Foreign-exchange traders in London are set for the biggest drop in bonuses among bank employees as regulators toughen scrutiny in the wake of scandals, according to a survey by Emolument.
Currency traders are likely to see a 43 percent decline in payouts for 2014, compared with a 41 percent jump projected for colleagues on commodities desks, according to estimates by the salary benchmarking website. The average bonus paid to currency and commodities traders for last year was 134,000 pounds ($218,000) and 106,000 pounds, respectively, it said.
The $5.3 trillion-a-day currency market is under investigation amid allegations that dealers leaked confidential client information and colluded to rig benchmarks. Revenue from foreign-exchange trading is also being squeezed amid weaker client activity, as regulators strive to rein in excessive compensation to prevent another financial crisis. The European Union has banned bonuses exceeding more than twice fixed pay.
“The foreign-exchange market has been tough and there are a lot of traders out there without jobs,” said Jason Kennedy, chief executive officer of recruitment firm Kennedy Group in London. “There is no need to pay because they aren’t going anywhere and also after the noise with the scandal, banks prefer to keep their head below the parapet and therefore by not paying even ordinary bonuses they are avoiding any attention.”
Barclays Plc (BARC), Citigroup Inc. (C) and Deutsche Bank AG are among the world’s biggest banks that could face “material and widespread” fines for misconduct such as the alleged rigging of currency rates, Fitch Ratings said in a statement on Sept. 15. Barclays, Deutsche Bank, Goldman Sachs Group Inc. (GS), Royal Bank of Scotland Group Plc and UBS AG (UBSN) account for about 43 percent of foreign-exchange trading by banks.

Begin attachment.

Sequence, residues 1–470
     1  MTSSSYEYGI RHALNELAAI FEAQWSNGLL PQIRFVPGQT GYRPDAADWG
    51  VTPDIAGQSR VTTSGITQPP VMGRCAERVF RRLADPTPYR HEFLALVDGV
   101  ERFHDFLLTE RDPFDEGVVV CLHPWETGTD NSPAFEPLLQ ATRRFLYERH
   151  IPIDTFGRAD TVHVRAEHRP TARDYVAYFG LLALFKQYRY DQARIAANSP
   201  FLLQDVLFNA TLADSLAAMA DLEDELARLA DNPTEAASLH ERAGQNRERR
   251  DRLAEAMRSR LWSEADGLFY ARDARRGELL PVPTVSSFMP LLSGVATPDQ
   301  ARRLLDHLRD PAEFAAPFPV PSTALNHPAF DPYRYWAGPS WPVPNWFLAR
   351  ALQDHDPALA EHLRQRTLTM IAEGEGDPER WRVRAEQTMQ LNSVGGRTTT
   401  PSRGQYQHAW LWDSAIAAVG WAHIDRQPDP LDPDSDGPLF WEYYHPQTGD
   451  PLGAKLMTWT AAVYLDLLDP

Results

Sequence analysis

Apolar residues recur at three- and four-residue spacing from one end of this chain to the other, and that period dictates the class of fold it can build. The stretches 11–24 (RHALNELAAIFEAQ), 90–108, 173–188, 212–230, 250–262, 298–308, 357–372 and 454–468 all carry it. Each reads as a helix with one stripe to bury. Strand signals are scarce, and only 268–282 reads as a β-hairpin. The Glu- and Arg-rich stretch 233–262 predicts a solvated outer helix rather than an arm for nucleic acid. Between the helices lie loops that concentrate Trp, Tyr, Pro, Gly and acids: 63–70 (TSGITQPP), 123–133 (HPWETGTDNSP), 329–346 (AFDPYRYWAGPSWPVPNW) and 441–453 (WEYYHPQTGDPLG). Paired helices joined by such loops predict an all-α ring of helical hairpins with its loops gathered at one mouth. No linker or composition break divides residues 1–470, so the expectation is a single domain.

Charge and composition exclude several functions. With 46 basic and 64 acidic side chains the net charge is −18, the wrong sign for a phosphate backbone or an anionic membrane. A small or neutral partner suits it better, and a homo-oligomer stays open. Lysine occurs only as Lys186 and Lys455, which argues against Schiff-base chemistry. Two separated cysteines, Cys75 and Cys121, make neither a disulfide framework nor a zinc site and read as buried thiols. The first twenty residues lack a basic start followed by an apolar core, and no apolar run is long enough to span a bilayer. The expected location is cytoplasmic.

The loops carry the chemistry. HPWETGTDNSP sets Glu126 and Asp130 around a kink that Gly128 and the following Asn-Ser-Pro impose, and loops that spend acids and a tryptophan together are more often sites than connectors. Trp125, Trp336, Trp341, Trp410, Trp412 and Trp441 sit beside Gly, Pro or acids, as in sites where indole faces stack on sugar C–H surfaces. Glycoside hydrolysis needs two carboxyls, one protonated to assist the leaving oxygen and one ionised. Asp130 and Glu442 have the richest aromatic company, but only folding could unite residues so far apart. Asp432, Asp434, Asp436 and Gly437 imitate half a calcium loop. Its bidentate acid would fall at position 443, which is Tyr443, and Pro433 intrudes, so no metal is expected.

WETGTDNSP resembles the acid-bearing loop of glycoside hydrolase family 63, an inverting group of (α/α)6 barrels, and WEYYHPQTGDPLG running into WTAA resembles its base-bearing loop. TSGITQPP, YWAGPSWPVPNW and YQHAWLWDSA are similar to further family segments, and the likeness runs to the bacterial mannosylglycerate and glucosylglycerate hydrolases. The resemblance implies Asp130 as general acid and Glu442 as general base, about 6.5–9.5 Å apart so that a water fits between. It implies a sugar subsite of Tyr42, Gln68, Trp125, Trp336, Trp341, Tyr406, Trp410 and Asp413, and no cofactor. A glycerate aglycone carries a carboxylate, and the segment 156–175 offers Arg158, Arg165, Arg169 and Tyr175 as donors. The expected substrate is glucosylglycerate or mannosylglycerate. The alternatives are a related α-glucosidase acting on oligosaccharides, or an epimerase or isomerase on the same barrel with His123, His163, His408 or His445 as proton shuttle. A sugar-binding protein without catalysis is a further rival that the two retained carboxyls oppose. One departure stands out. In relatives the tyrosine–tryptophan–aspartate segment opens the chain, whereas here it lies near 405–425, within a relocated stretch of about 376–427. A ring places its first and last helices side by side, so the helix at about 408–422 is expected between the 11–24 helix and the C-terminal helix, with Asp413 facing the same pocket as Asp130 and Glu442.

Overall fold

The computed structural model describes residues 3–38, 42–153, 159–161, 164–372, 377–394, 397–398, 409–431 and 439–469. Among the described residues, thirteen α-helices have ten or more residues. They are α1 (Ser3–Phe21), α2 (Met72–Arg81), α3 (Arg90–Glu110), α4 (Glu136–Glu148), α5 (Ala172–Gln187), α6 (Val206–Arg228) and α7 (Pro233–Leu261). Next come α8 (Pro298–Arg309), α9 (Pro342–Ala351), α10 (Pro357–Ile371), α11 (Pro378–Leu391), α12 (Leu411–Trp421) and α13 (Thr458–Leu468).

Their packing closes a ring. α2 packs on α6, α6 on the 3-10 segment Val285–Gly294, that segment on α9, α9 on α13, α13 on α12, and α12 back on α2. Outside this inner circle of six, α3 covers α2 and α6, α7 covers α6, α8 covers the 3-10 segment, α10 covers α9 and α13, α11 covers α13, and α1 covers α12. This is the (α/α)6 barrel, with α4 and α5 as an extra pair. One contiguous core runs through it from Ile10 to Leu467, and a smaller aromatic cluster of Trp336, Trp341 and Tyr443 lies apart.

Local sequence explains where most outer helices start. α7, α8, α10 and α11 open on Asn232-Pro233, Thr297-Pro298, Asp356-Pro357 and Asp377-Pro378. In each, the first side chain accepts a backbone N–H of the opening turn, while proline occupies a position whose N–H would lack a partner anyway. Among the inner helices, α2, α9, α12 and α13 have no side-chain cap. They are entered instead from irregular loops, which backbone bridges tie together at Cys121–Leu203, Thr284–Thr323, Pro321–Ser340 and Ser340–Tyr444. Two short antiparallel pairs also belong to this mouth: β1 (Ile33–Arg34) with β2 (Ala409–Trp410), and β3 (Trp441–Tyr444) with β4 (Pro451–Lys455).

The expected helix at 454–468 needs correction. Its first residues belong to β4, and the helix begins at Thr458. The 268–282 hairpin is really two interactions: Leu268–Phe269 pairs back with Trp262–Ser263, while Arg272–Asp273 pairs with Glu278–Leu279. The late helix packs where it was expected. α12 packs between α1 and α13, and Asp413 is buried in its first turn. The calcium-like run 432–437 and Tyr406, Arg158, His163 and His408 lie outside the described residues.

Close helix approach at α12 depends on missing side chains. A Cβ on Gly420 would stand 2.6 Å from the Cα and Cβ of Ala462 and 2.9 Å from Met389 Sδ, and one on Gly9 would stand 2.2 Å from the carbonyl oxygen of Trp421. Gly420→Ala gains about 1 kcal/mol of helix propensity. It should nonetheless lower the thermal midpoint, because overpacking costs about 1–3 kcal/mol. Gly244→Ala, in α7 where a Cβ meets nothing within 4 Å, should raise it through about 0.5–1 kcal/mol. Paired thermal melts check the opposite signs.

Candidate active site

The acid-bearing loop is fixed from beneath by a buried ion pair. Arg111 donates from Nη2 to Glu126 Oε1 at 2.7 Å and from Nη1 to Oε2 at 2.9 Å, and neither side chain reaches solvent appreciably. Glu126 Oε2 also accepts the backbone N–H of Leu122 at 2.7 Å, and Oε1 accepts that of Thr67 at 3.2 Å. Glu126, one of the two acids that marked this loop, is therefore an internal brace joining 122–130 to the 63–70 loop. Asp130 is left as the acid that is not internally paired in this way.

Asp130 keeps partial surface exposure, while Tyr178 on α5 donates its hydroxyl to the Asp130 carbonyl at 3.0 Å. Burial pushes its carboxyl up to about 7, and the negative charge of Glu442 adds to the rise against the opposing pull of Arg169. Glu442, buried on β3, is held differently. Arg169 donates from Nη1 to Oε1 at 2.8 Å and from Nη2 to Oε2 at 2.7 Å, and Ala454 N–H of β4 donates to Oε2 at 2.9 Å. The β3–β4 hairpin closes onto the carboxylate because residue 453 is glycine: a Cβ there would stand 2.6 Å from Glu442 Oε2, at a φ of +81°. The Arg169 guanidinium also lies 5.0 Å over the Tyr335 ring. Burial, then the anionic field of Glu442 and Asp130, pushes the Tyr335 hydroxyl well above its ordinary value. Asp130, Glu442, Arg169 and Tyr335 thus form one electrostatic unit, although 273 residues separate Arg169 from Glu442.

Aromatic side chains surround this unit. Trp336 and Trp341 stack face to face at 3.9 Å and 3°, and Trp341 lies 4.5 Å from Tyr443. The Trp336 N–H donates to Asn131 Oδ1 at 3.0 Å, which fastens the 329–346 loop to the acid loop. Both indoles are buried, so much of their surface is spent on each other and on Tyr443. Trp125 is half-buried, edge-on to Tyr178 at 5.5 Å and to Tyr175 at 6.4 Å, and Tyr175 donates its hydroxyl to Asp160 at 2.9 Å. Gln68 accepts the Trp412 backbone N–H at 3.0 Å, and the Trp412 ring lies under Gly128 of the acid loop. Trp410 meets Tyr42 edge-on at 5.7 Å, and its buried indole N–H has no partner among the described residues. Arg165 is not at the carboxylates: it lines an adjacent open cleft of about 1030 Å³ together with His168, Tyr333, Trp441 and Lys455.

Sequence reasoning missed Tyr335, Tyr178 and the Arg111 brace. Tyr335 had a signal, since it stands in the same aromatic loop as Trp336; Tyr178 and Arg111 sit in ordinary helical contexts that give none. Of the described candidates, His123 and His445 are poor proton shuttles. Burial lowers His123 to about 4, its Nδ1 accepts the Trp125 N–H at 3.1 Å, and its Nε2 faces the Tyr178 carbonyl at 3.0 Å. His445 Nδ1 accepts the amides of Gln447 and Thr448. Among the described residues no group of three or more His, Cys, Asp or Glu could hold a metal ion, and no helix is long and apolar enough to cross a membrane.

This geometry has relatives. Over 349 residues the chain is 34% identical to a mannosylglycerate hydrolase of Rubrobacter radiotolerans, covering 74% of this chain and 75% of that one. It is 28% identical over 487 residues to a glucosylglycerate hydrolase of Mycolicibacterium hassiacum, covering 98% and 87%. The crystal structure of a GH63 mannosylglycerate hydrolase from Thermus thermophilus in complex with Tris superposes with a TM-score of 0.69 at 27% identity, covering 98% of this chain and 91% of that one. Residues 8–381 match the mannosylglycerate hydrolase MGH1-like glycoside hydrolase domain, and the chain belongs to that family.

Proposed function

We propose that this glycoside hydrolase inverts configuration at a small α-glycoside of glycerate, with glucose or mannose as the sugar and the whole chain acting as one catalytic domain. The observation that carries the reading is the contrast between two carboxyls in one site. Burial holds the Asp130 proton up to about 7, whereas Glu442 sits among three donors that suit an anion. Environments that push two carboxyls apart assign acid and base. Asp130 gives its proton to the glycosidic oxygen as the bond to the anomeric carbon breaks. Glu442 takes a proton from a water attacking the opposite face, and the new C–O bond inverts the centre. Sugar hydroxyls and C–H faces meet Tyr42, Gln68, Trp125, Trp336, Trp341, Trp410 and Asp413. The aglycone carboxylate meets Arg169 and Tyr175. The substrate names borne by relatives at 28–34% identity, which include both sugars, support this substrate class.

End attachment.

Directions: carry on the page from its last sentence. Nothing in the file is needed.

Bonuses may also be under pressure as earnings decline. Revenue earned from Group of 10 nations’ currencies was the “poorest line of business” for the world’s 10 largest investments banks in the first half, with the biggest drop since 2008, according to analytics firm Coalition.
Within banks’ fixed income, currencies and commodities divisions, credit traders are set for a 17 percent bonus increase for 2014, according to Emolument estimates. Rates and emerging-markets traders may see a drop of 20 percent and 31 percent, respectively, the survey showed.
“Low volatility levels across the currency markets are putting intense pressure on the upcoming bonus pool,” Emolument CEO Robert Benson said by e-mail. “We expect to see intensely polarized businesses — at one end sky-rocketing results on the deal-making side and currencies at the other, probably negotiating internal subsidies as we speak.”
The bonus gap within banks’ equities divisions ranged from a 35 percent drop for derivatives traders to a 33 percent increase in prime services with customers such as hedge funds. Mergers and acquisitions and equity capital markets staff may receive an increase of 26 percent and 39 percent, respectively.
While banks including Credit Suisse, Barclays, JPMorgan Chase & Co. (JPM), Morgan Stanley (MS) and Goldman Sachs have all cut or exited commodities businesses, remaining employees may see higher bonuses in the face of a recovery, according to Kennedy.
“Commodities had a horrible year in 2013 and banks closed a lot of businesses, but it has had a revival this year,” he said. “This year, banks do not want to lose staff to hedge funds, so they are paying more.”
Bonuses at securities firms are typically paid from about early February for performance for the previous year. Emolument derives its industry forecasts from data collected through 2,600 individual salary entries in the U.K. as well as provider Coalition. It takes into account salaries and bonuses for employees ranging from analysts to managing directors.